Is OSHA’s Voluntary Protection Program (VPP) broken?

July 11th, 2011 by Julie Ferguson

OSHA’s Voluntary Protection Program was implemented some 30 years ago and includes about 2,500 workplaces. Employers must qualify for participation by meeting certain criteria, including a demonstrated safety record that is better the than industry average and practices such as training and employee involvement that would indicate a serious safety culture. Companies that are accepted into the program become exempt from programmed OSHA inspections while they retain their VPP status — a not insubstantial benefit that makes the program popular with employers and small government advocates alike. So popular that some legislators are trying to make the VPP permanent.
But many question the effectiveness of the program beyond its popularity. And now, some investigators are asking what a company would have to do to lose the VPP status. If a company experienced a preventable workplace fatality, would they be ejected from the program? Would they be subject to a higher level of scrutiny?
Apparently not. A recent investigative report by the Center for Public Integrity (CPI) revealed that at least 80 workers have died at VPP employers since 2001 yet have retained their “model workplace” status in VPP. Yet in 47 of these cases, inspectors found serious safety violations and, sometimes, tragedies that could have been averted.
Last week CPI and PBS’s Need to Know ran the first report of their investigative series on OSHA’s Voluntary Protection Program (VPP), Model Workplaces, Imperiled Lives. In addition to the number of deaths at VPP participants, the investigation found that:

  • Even when workers die and inspectors find safety violations, “model workplaces” often face minimal consequences and retain the special designation. At least 65 percent of workplaces where a fatal accident occurred remain in the special “Voluntary Protection Program” today.
  • As the program tripled in size over the last decade, OSHA cut the number of staffers overseeing it and weakened requirements for membership, raising questions about how well the program supplements the efforts of inspectors in safeguarding American workers.
  • Little widespread evidence exists that the 29-year-old program works. Despite calls by the Government Accountability Office and others for OSHA to complete a comprehensive evaluation of the program’s effectiveness, none has occurred.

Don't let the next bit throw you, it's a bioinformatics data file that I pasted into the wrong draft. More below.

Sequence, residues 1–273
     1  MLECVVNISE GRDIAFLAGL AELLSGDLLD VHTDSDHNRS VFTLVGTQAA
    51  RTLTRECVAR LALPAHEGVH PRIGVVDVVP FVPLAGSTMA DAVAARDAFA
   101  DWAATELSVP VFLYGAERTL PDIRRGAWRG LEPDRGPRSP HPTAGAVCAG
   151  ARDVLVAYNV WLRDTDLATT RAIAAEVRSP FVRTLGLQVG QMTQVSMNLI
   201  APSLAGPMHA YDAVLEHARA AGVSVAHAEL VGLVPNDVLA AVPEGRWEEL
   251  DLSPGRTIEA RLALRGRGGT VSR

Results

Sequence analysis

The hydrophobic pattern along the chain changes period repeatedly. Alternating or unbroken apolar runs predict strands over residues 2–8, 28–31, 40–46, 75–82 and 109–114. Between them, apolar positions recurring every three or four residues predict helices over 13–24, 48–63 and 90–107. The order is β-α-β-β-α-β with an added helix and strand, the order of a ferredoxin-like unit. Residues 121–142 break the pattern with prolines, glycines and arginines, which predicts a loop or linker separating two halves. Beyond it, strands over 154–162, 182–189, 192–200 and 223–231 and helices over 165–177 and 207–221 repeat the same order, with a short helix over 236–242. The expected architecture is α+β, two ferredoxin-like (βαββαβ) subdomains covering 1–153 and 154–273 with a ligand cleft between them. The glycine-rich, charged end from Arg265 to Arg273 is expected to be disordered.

PBS featured this report on The Watch list: Safety matters: Injuries and fatalities at ‘model’ workplaces, which included this video.

This is not the first we’ve heard of the flaws in the VPP. In The Pump Handle’s post entitled Investigators probe integrity of OSHA’s safety recognition program, they link to a May 2009 GAO Report on OSHA’s VPPs, which was extremely critical of OSHA’s VPP program, noting that:

  • OSHA’s internal controls are not sufficient to ensure that only qualified worksites participate in the VPP. First, OSHA’s oversight is limited by the minimal documentation requirements of the program. Second, OSHA does not ensure that its regional offices consistently comply with its policies for the VPP.
  • OSHA’s lack of a policy requiring documentation in the VPP files of actions taken by the regions in response to incidents, such as fatalities and serious injuries, at VPP sites limits the national office’s ability to ensure that regions have taken the required actions. OSHA’s VPP Manual requires regions to review sites’ safety and health systems after such incidents to determine whether systemic changes are needed to prevent similar incidents from occurring in the future and whether the site should remain in the program.
  • OSHA’s oversight of the VPP is limited because it does not have internal controls, such as management reviews by the national office, to ensure
    that its regions consistently comply with VPP policies for verifying sites’ injury and illness rates and conducting on-site reviews.
  • OSHA’s efforts to assess the performance of the VPP and evaluate its effectiveness are not adequate. First, OSHA has not developed performance goals or measures to assess the performance of the program. Second, OSHA contracted for a study of the VPP to evaluate its effectiveness, but the study was flawed.

Shortly after this GAO report, OSHA pledged to reform the VPP.
There’s certainly a place for a “Centers of Excellence” program for workplace safety. Companies that have made extraordinary efforts to ensure safety should be recognized. But it looks like a program that began with good intent has morphed into something that is poorly managed at best and a mockery of the original intent at worst. How much of a distinction is it for the truly high performing organizations if weak or inappropriate entities are kept in the program? Before any expansion of this program occurs, Congress would do well to ensure that the program that exists gets fixed.

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